Monday, August 18, 2008

Sugar Daddy God

by Bill Bonner

"Daddy God," is how Victoria Osteen refers to Him. Honestly. We're not making this up. When Mr. Joel Osteen took a wife, it was Victoria that he got, for better or for worse. And now the two of them preside over a mega-church in a suburb of Houston. Mr. Osteen is the author of a super bestselling book, Your Best Life Now . God wants us to be prosperous, he argues, in front of thousands of worshippers. How does he know what God wants? He speaks "face to face" with God, says his wife, making him the first person ever to do so. (What did He look like? Has anyone asked?)

Over in Atlanta, the Rev. Creflo Dollar Jr., seems to be doing even better. He and his wife, Taffi, entertain at another huge church, drive around in a Rolls Royce, and have a private $5 million jet to move them from one speaking engagement to another.

Mr. Dollar, like Mr. Osteen, believes in the power of God to move mountains, but they trust in the Almighty Dollar to smooth out the little foothills in their way. Last year, for example, Mr. Dollar sent 100 of the local Fulton County police officers checks for $1,000 each – a month after two traffic tickets the Reverend Dollar had received had been downgraded to warnings.

And back in the Lone Star State, Kenneth Copeland and his main squeeze, Gloria, have done even better – with 4 jets at their disposal. Mr. Copeland, the subject of a MoneyWeek article last month, is also said to have a parsonage the "size of a hotel," probably more like a huge Motel 6 than a Crillon.

This might be just another part of the baroque spectacle that makes America such an amusing place. But there is more to the story, which is – as you might guess – the subject of today's column.

Gibbon blamed the fall of Rome at least in part, on Christianity; it encouraged a retreat from the battle for money and power, he said. Now, Kevin Phillips, in a new book, Bad Money, charges the pentecostal wing of American Christianity with undermining the U.S. empire in the opposite way. He argues that the evangelicals pushed the Republicans down-market. There, the yahoo voters brought them temporal power – 30% of Republican voters identify themselves with an evangelical sect. But they also hollowed out Republicans' traditional respect for sensible finances.

Among the many frauds of the Reagan-Bush II period, few were gaudier than the "prosperity gospel." Preached in America's gamy religious outposts, the concept does for religion what the neo-conservatives did to conservatism, what modern portfolio theory did for Wall Street, and what Keynesianism did to the economics profession – it a made a monkey of it.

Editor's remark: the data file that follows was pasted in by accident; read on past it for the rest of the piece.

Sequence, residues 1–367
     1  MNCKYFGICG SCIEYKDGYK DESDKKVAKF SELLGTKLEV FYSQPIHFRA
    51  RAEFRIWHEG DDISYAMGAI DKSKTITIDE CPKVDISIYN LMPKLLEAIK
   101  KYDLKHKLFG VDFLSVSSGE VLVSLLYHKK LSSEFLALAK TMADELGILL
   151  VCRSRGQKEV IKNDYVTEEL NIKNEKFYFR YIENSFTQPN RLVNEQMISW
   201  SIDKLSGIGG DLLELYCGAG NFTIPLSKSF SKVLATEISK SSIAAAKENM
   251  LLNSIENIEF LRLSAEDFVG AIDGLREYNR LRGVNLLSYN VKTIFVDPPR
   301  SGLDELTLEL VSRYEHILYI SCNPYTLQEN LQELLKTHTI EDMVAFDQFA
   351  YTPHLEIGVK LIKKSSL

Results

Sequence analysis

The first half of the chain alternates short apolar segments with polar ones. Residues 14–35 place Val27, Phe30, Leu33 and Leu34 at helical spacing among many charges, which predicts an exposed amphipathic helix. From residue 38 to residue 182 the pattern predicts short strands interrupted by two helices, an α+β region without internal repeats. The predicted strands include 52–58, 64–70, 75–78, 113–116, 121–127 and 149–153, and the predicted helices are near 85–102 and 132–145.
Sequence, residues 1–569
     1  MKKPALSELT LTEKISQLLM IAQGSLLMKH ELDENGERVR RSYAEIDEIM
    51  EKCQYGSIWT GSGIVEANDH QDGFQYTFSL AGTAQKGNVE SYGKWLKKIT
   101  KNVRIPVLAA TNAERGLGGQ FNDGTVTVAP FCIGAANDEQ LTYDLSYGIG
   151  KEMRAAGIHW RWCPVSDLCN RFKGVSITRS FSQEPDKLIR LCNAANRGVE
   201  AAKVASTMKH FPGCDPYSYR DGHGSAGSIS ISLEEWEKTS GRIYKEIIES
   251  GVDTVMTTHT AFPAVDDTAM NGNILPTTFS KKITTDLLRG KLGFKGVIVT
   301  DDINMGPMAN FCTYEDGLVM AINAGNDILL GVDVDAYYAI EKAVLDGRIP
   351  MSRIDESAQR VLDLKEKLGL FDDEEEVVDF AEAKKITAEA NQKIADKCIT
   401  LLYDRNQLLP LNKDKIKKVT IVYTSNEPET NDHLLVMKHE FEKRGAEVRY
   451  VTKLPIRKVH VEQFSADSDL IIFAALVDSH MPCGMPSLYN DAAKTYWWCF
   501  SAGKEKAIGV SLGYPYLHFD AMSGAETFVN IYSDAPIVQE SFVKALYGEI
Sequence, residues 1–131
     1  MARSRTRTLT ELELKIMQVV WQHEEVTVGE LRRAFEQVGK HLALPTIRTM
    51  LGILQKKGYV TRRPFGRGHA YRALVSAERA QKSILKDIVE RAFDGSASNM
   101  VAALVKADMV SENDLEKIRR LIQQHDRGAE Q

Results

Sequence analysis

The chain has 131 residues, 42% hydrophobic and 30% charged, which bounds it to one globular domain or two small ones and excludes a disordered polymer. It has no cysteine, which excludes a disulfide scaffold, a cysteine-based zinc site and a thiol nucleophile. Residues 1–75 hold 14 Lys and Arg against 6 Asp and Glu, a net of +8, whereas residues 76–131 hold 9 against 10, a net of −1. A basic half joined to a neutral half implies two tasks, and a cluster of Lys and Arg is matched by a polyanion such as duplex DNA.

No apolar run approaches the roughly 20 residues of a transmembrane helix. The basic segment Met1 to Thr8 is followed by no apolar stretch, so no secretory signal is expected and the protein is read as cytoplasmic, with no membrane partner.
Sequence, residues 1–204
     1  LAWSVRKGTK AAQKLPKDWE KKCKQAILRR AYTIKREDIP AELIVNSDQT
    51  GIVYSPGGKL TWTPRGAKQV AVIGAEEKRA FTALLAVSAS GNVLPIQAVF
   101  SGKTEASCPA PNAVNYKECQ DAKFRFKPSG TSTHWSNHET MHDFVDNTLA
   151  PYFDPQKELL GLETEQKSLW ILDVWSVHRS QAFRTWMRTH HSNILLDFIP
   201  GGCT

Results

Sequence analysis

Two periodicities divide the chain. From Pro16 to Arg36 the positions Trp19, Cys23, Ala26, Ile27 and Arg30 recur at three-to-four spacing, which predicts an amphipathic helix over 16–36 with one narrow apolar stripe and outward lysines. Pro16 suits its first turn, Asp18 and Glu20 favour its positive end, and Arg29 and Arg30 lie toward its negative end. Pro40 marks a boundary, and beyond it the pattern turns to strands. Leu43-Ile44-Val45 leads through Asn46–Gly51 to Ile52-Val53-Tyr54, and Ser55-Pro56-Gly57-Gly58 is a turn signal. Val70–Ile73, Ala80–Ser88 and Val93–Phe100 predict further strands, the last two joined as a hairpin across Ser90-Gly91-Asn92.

In politics, the neos turned conservatism inside out. The old conservatives were wet blankets, do-nothings and naysayers. When news spread of Calvin Coolidge's death, for example, people asked, "How could they tell?" But the new conservatives are the life of the party. It is said that George W. Bush "doesn't even know the meaning of the word can't." (Of course, there may be other words he doesn't know the meaning of.) And the neocons' idea of political economy was similarly liberated from any residual notions of conservatism and common sense. "Deficits don't matter," said Dick Cheney, speaking for every wishful thinker since Caligula.

On Wall Street and the City, the old conservative doctrines were put away with top hats and spats. In place of prudence came derring-do. In the place of reasonable salaries came breathtaking bonuses. Mortgage lenders no longer studied a borrower's finances to make sure he was a good credit risk; they didn't even take his pulse. And they no longer seemed to care whether their takeovers, triple-A paper, and structured products made any real financial sense; it was enough that they paid a fee.

In economics, too, somehow, the world's leading economists bent the figures into a preposterous new shape so appealing that even a teenager could love it. An economy can get richer by living it up, they said; and the purpose of central banking was to encourage consumption rather than capital formation.

Was it any wonder that the pulpits sank into the honey too? Along came Jim and Tammy Faye Baker with a sexy new religion – spreading the get-rich gospel over the TV waves. Then, poor Jim got sent to prison for fraud, and when he came out he renounced the new doctrine. But other couples – for some reason these preachers seem to work in husband and wife teams, like Juan and Eva Peron – picked up the tablets. Soon, they had convinced millions to give up the hard-benches of the old Calvinists and sink their plump derrieres into some of the cushiest seats in Christendom.

Churchgoers at Mr. Dollar's World Changers church services wave envelopes full of cash, reports the Atlanta paper. On the big screen, they offer testimonial proof of the 'financial blessings' that came their way after they began sending the preacher 10% of their pre-tax earnings: "The congregants...yell in joy as ushers pass the white buckets down the row to collect the envelopes. After more singing, Dollar preaches... He relentlessly attacks the idea that Christians should limit material possessions. Christians have for too long let the 'devil's crowd' get all the money, power and real estate, he says. Then he tells congregants to say, 'I want my stuff.'"

"I want my stuff," they repeat, laughing.

Politics, money, religion – the flim flam was the same everywhere. It was the promise of something for nothing, gain without pain, Easter without Good Friday. But with America's housing prices falling and unemployment rising, the Pentecostals will find it harder to get their stuff than ever. Maybe God didn't want them to be wealthy after all. On the evidence, maybe He just likes a good laugh, like the rest of us.

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